Dromedary Domestication Originated in the Southeast Arabian Peninsula
Posted on May 11, 2016
Scientists have determined that dromedary domestication originated in the Southeast Arabian Peninsula. The researchers came to the conclusion after studying up to 7,000-year-old DNA from bones of both wild and early-domesticated dromedaries.
DNA of the ancient one humped Arabian camels was compared to samples with the genetic profiles of modern dromedary populations from around the world. The researchers determined that the dromedary's genetic diversity is directly related to its use as a transport animal. The researchers say the forth-and-back movement of the caravans brings different dromedary populations in contact with each other. This leads to a regular gene flow and the maintenance of the genetic diversity.
Pamela Burger from the Research Institute of Wildlife Ecology at Vetmeduni Vienna says in a statement, "Our results appear to confirm that the first domestication of wild dromedaries occurred on the southeast coast. This was followed by repeated breeding of wild dromedaries with the early-domesticated populations."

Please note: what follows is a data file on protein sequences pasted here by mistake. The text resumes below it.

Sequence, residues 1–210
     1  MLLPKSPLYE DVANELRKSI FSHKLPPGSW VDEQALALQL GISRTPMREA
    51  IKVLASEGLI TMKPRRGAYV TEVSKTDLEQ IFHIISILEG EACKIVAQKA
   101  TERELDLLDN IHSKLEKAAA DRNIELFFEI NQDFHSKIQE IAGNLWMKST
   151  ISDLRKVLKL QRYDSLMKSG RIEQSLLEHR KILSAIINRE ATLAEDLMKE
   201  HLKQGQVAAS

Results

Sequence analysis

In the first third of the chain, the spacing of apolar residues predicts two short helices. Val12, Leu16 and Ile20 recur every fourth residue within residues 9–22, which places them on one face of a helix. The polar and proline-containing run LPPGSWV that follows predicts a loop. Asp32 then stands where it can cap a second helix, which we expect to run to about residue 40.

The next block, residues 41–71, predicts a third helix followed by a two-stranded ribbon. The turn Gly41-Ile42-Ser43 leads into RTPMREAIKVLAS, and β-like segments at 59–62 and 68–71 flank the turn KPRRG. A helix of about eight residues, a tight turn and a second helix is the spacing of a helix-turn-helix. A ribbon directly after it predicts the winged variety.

The researchers also say that the wild ancestor of today's dromedary had a geographically limited range and went extinct around 2,000 years after the first domestication. They also say there is only one dromedary population in East Africa deviated from the genetic diversity of the other dromedaries. It has remained isolated due to geographic obstacles and cultural barriers.
A research paper on the study was published here in the journal, PNAS.
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